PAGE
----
Randy Jackson Tackles Weight Loss, Diet, and Diabetes
American Idol judge reveals how he lost 100 pounds and tamed his diabetes. Plus, a slimmed-down recipe and his iPod playlist!
Randy Jackson's Diabetes continued...
Except that it did. “A generation ago people weren’t as overweight as they are today, which has changed the playing field,” says John Buse, MD, PhD, chief of the endocrinology division and director of the Diabetes Care Center at the University of North Carolina at Chapel Hill and the American Diabetes Association’s president for medicine and science.
“Today, for people in their 50s, 60s, and 70s, a family history of diabetes is a pretty strong risk factor because our environment is worse than our ancestors,” he says. “If you do have a family history, your risk is twice as great as the general population. And if you’re also overweight, you should start screening at puberty and not wait until your 30s or 40s.”
Diabetes Symptoms Can Be Invisible
Jackson feels fortunate that he caught his diabetes when he did. “Things can jump up and surprise you,” he says. “I thought I had a cold,” he says, still shocked seven years later that he didn’t make the connection.
Jackson’s case isn’t unusual. “You can function reasonably well until things are about 90 percent down,” Buse says.
“A normal blood sugar is 100 milligrams per deciliter of blood (mg/dL), and it’s rare to have symptoms until your blood sugar is twice as high as that.” When Jackson found himself in the ER, his blood sugar was more than 500 mg/dL. Plus, when there are symptoms, they are pretty nonspecific, such as waking up at night to urinate, blurred vision, and fatigue. And even these signs don’t always show up.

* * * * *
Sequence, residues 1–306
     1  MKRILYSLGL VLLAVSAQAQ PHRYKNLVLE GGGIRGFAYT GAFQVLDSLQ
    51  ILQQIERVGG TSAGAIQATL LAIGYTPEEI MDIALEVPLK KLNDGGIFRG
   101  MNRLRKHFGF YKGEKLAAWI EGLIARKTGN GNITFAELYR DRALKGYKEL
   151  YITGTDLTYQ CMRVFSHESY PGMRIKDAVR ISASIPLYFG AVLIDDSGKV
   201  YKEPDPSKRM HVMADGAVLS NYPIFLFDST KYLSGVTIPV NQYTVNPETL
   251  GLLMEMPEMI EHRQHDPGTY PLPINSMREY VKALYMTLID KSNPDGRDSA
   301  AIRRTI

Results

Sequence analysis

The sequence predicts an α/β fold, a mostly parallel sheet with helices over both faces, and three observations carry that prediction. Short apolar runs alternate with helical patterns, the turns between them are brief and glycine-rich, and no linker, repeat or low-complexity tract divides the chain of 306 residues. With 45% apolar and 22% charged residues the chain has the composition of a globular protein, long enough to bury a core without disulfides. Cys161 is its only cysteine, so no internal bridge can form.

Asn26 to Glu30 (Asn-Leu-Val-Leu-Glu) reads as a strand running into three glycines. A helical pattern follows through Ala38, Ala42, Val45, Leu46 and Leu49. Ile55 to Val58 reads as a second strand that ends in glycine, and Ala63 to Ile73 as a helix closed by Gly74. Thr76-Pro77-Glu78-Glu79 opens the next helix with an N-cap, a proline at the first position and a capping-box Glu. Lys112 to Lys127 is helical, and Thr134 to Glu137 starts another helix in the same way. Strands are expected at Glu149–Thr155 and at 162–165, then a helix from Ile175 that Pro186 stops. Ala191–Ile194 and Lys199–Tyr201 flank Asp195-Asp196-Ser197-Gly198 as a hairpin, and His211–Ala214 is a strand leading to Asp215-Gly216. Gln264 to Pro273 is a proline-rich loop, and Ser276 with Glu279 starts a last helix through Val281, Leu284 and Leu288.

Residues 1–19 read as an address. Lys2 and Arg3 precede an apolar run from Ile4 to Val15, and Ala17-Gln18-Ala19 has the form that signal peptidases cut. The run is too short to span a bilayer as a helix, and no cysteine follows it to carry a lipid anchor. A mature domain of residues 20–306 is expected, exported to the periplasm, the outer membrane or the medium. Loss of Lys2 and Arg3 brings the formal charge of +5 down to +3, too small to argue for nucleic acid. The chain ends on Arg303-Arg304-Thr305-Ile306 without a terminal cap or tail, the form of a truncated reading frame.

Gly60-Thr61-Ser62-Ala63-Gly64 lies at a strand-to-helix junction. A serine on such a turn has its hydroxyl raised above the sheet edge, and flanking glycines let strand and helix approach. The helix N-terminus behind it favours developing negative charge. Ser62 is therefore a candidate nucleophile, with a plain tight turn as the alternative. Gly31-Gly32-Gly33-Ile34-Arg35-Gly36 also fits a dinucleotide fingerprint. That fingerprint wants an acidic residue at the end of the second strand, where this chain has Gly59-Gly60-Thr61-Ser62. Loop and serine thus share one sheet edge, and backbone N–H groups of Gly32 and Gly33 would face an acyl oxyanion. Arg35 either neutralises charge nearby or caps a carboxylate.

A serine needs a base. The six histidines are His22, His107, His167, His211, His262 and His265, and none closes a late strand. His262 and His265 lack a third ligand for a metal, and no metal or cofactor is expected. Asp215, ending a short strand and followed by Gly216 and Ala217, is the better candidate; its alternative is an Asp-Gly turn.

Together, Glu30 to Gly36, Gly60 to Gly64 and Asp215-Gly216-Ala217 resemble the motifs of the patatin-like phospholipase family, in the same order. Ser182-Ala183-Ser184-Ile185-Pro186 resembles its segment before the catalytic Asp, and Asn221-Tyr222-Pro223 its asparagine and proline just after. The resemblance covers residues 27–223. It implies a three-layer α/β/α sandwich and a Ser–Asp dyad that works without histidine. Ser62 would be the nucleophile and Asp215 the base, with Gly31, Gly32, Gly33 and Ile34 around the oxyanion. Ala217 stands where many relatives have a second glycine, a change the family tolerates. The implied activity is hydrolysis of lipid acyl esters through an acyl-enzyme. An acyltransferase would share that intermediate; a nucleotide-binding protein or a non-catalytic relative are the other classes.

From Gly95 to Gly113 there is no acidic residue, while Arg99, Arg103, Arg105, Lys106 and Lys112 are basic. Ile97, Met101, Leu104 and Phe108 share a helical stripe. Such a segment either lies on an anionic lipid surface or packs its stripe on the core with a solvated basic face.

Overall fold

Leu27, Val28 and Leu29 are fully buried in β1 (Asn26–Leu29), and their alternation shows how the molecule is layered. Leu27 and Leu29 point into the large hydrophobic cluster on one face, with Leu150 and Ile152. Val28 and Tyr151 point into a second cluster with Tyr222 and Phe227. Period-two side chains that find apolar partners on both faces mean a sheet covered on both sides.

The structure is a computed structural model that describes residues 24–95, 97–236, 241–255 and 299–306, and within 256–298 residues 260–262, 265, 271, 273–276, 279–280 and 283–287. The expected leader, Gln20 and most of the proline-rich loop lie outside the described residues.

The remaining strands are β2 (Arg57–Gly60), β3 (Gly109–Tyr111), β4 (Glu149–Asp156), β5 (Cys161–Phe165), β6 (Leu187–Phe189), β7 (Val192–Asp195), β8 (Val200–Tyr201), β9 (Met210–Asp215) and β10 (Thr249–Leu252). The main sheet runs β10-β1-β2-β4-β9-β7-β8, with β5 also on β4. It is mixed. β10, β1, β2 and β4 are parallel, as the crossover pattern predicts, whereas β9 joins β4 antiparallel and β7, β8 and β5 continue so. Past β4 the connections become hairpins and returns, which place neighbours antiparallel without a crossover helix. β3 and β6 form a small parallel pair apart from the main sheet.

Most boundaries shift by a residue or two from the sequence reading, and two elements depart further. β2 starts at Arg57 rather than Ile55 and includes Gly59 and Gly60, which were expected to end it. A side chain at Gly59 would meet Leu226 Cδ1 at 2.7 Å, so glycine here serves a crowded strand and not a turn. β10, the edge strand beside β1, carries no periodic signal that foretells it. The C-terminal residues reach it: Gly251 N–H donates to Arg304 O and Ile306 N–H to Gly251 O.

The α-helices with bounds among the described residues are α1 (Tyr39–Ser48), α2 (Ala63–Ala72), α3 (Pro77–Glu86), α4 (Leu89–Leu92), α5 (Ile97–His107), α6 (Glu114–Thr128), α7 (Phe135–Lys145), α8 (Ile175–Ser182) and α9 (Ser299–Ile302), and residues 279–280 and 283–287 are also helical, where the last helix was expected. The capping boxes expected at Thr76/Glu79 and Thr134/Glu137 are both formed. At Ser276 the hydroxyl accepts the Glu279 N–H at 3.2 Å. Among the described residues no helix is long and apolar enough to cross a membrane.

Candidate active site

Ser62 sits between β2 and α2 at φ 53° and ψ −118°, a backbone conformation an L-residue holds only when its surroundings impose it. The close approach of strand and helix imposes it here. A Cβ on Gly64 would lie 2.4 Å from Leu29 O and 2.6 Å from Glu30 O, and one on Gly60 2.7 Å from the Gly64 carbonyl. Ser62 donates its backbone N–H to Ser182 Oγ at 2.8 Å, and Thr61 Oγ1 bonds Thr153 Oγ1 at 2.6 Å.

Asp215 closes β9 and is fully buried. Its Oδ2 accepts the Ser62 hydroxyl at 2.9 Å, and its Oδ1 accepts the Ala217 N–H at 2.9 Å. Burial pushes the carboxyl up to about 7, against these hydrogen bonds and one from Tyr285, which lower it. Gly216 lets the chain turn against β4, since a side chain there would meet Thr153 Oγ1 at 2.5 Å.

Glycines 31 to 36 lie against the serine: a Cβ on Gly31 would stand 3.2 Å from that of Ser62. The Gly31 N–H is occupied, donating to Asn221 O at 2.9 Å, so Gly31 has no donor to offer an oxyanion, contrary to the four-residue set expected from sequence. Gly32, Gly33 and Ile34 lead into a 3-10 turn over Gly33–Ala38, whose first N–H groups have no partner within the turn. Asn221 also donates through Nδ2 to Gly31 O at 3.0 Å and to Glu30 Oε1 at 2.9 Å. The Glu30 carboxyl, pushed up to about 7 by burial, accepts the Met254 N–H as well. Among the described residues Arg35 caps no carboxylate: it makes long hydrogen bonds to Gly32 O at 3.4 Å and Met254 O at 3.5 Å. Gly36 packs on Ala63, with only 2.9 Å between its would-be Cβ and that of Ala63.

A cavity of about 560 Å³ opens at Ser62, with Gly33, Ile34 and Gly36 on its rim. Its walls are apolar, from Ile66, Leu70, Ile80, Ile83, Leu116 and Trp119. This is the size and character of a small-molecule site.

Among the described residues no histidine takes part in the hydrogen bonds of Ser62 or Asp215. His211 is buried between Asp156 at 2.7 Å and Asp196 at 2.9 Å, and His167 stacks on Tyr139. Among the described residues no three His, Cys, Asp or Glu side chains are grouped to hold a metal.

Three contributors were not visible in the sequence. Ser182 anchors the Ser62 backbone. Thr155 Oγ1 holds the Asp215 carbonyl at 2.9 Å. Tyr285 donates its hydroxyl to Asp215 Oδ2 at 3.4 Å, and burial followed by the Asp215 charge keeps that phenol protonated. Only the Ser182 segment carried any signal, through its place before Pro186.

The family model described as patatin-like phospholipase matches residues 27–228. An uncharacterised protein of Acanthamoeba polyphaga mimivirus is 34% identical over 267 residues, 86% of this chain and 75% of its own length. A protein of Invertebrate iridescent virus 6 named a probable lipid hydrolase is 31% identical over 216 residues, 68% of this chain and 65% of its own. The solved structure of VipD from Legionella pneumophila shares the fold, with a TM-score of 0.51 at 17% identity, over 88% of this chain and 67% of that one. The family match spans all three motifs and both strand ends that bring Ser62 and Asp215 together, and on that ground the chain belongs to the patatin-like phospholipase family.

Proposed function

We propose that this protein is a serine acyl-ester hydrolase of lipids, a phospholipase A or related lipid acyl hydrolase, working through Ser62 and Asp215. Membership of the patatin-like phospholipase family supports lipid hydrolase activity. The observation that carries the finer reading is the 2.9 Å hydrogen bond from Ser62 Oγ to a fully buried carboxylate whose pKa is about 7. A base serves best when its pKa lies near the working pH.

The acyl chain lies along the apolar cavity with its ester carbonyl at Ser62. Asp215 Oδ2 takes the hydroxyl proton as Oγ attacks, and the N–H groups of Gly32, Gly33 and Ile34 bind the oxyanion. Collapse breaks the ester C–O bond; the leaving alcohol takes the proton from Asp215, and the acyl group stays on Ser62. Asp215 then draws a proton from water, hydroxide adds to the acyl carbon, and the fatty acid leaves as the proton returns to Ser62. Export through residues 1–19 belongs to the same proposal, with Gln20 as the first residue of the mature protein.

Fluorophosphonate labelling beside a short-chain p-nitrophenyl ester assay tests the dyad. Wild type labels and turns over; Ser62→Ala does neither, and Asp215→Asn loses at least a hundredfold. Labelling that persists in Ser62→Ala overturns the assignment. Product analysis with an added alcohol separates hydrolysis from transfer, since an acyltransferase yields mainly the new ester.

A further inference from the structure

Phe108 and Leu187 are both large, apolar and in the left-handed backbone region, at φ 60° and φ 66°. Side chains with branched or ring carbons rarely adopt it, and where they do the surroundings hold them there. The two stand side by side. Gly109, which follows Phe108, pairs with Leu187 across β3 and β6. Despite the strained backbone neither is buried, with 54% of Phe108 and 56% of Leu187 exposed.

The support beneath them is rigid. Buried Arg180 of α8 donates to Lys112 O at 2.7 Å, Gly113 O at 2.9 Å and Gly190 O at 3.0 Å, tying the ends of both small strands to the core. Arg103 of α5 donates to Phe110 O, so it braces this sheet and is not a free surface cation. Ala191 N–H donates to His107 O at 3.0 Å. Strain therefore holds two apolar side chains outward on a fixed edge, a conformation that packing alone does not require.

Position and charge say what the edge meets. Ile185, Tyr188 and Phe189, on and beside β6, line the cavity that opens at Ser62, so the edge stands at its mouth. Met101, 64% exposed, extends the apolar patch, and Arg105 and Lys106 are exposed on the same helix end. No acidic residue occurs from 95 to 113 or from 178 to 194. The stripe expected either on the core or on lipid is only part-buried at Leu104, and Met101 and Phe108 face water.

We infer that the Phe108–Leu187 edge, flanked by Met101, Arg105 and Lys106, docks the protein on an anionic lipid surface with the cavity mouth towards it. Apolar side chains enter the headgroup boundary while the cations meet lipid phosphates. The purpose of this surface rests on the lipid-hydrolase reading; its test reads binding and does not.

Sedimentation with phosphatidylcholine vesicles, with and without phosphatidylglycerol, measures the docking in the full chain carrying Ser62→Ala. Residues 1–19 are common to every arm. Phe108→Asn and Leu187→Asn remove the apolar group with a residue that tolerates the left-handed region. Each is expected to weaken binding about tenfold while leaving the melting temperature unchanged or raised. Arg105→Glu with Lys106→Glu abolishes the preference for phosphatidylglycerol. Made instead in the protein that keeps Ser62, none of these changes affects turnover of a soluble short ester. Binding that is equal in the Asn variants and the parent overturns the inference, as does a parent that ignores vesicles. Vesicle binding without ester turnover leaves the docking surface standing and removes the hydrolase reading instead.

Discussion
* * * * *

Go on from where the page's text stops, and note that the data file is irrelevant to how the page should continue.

“Of the six or seven million people who have diabetes and don’t know it, almost none would have any symptoms,” Buse says. That’s why many people don’t know they have it until they have a stroke or a heart attack.
“More people probably know who Kelly Clarkson is than realize that diabetes is connected to cardiovascular disease and stroke,” Jackson says.
Randy Jackson's Gastric Bypass Surgery
Jackson has teamed up with the American Heart Association to lead the Heart of Diabetes campaign (IKnowDiabetes.org), which provides information and tools to help people with type 2 better manage their disease.
He also leads childhood obesity prevention and treatment programs in East and South Los Angeles.“Obese kids are made fun of in school and we are trying to lighten their loads,” Jackson says. “We want to get to them and teach them to adopt healthy lifestyles before they need gastric bypass surgery.”
In 2003, Jackson chose to undergo gastric bypass surgery, in which a surgeon creates a smaller stomach pouch to curb food intake by stapling a portion of the stomach. Put another way: The once-larger stomach is now the size of a golf ball. As a result, a person feels full sooner and eats less.